And because I learned all the lessons the hard way, I not only understand how to do all the things I’m about to share with you, but more important, I understand why to do them. I tried the alternatives; they didn’t work. I failed and failed and failed…until I succeeded.

My success metrics may not be as shiny or mind-blowing as all those online gurus. I am not a millionaire. I certainly don’t live in a mansion with my team of butlers and personal stylists. I don’t even know how to spell yot.

But I have done a few things I think are pretty badass over the years. I am proud to say I have been working full time in my own business for 10 years now, without having to flip burgers, peddle Avon or hawk any of my body parts (more on that later). I was able to make enough money in 2014 to support my family so my husband could take a leap and quit his job to start his own business. Now we’re both self-employed! Plus:

  • I work in a super cool office and have developed a team of a dozen writers, developers and graphic designers.
  • I have worked with hundreds of clients, including a few big brands like Morton Salt, American Family Insurance and Sierra Club.
  • I know how to land juicy retainer contracts, including one 6-month gig worth $56,400.
  • In my best year so far, I brought in $250,000 in revenue and netted almost $100,000 of that for my own salary.
  • And most important, I am happier than I have ever been!

You Don’t Have to Learn the Hard Way!

If none of that sounds that impressive, perhaps you’re looking for the secret to getting rich quick. Unfortunately, I don’t have that knowledge. I wish I did! My road to what I consider success has been long and arduous. But I’m hoping to pass on my deep understanding of freelancing best practices to you, dear reader. May your path to success be straighter, faster and easier than mine was!

May your path to success be straighter and easier than mine was!

Aren’t I worried about creating more competitors?


I am obsessed with entrepreneurship. I don’t believe in competitors—just industry peers and strategic partners. Sharing knowledge makes all our lives better. Some of the best things I’ve ever learned were direct from the mouths of so-called competitors. Some of the best partnerships and friends I have ever made were with people selling the exact same thing I was.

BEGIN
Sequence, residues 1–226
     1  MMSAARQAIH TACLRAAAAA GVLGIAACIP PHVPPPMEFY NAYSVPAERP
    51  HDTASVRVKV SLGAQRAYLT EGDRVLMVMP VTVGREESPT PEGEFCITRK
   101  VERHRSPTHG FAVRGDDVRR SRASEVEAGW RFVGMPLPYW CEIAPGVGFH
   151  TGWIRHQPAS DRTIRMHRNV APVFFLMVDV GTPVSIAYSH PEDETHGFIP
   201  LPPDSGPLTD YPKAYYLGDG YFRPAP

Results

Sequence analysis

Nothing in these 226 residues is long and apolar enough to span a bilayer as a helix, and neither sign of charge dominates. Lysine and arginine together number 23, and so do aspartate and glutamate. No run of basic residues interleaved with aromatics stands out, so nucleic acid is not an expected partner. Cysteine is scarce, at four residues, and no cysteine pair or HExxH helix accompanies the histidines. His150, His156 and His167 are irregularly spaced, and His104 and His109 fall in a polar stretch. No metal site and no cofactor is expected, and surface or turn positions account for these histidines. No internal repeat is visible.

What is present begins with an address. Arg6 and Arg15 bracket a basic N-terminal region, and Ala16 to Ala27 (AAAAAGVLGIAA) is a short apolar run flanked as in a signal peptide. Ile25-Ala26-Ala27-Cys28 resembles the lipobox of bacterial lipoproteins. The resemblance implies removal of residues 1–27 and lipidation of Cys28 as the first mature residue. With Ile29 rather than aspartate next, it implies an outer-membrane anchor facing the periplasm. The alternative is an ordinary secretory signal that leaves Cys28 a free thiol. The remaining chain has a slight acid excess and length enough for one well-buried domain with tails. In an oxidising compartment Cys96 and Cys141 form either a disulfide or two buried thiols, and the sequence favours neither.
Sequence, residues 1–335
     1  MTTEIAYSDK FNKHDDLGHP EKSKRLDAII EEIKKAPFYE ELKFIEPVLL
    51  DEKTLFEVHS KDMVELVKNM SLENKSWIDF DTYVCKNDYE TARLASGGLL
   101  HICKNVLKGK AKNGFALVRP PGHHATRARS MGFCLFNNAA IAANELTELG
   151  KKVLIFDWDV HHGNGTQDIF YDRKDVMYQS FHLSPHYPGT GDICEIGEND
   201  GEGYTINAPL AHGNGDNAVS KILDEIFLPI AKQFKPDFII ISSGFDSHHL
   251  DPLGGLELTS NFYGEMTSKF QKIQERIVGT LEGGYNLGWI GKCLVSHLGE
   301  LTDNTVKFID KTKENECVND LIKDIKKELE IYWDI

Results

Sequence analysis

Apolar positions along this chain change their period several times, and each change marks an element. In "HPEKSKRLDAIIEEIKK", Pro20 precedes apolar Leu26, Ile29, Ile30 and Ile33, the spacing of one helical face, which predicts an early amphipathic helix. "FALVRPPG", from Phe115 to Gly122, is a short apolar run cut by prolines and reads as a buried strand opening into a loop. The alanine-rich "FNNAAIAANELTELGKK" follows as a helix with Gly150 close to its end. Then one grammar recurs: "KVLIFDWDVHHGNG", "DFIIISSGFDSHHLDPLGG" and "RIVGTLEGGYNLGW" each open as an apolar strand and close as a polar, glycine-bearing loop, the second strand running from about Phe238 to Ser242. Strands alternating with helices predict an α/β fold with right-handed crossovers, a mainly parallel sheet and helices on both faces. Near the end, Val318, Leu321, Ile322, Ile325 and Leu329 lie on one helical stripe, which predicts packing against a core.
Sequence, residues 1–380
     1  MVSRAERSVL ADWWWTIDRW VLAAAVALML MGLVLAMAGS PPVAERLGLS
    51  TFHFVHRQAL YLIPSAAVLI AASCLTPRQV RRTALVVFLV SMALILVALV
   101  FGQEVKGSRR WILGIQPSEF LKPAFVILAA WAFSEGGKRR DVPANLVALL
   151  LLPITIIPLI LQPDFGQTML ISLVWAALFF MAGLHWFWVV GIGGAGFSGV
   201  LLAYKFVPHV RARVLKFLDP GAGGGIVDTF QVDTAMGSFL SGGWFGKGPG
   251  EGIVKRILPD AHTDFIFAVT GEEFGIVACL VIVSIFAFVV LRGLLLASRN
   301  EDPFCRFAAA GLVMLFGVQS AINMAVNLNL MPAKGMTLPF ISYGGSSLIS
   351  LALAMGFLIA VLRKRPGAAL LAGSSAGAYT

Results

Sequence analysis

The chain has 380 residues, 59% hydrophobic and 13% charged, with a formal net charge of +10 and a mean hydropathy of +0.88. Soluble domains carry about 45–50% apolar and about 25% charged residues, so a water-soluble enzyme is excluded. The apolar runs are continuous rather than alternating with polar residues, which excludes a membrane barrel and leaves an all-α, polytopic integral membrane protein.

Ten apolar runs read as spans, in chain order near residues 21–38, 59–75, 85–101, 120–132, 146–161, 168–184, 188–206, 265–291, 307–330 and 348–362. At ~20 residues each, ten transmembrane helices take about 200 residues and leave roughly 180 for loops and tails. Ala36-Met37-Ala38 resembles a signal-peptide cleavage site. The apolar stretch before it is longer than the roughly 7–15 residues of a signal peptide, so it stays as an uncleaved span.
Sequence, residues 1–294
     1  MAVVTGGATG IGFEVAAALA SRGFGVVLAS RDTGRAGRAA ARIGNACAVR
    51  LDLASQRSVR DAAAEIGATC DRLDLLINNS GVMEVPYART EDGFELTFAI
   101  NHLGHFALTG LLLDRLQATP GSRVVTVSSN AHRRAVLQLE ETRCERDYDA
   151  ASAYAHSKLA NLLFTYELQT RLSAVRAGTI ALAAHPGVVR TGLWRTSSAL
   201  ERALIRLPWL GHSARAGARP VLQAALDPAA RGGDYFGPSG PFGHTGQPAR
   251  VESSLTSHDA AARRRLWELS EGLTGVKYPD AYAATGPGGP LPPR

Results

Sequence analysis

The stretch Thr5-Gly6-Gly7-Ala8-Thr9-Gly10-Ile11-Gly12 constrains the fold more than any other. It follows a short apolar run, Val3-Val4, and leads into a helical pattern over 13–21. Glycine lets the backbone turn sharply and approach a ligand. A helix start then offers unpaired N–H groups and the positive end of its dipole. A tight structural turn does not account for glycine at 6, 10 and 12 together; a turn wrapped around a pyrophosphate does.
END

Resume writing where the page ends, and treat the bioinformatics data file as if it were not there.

It’s true the market is saturated with literally thousands of freelancers and agencies. But we’re fortunate to be in an industry where there is more than enough work to go around. Frankly, I’m not worried about it, and you shouldn’t be either. That’s why I’m not afraid to “open the kimono” to everything I’ve learned.

You might be one of the freelancers who is struggling to get clients. Maybe each project feels like you’re reinventing the wheel. Perhaps you’re struggling with knowing what to charge. Or bad clients are sucking your will to live. Maybe you’re working a lot of hours like I was but still struggling to pay your rent. I’ve been there. I’ve done aaaaaall that.

At Bizzy Bizzy, our mission is to help freelancers get their shit together so they can make money and live the life they fantasize about when they are supposed to be writing that estimate.

At Bizzy Bizzy, our mission is to help freelancers get their shit together so they can make money and live the life they fantasize about when they are supposed to be writing that estimate.

And let’s be perfectly transparent. This isn’t completely altruistic. I’m not independently wealthy to the point where I can just sit around all day writing amazing content for free. Some Bizzy Bizzy resources are free, some have a nominal fee, while others are a significant investment in time and money. You can check that all out in our shop, which we’re adding products to every day.

Selling something (in my case, tools, templates, tactics and training) to your peers is just a different business model based on productizing hard-earned knowledge. We’ll talk more about productizing later. Of course we hope to make enough money on this to sustain this business and keep the great content coming.

My motto is, “When life gives you lemons, A/B test them, propagate the very best lemons and sell them to anyone who is starting a lemonade stand so they don’t have to grow their own lemons or make crappy lemonade for two years before going out of business.” I’m working on shortening that motto.

With that said, if the content isn’t good and we’re not really helping anyone, then this business is pointless. So I invite you to participate in our community of freelancers. I encourage your feedback and ideas. I want your suggestions on what kind of help you need to make your business more successful and what things you’ve learned on the way.

What are your lessons learned the hard way from when you were starting your freelance business?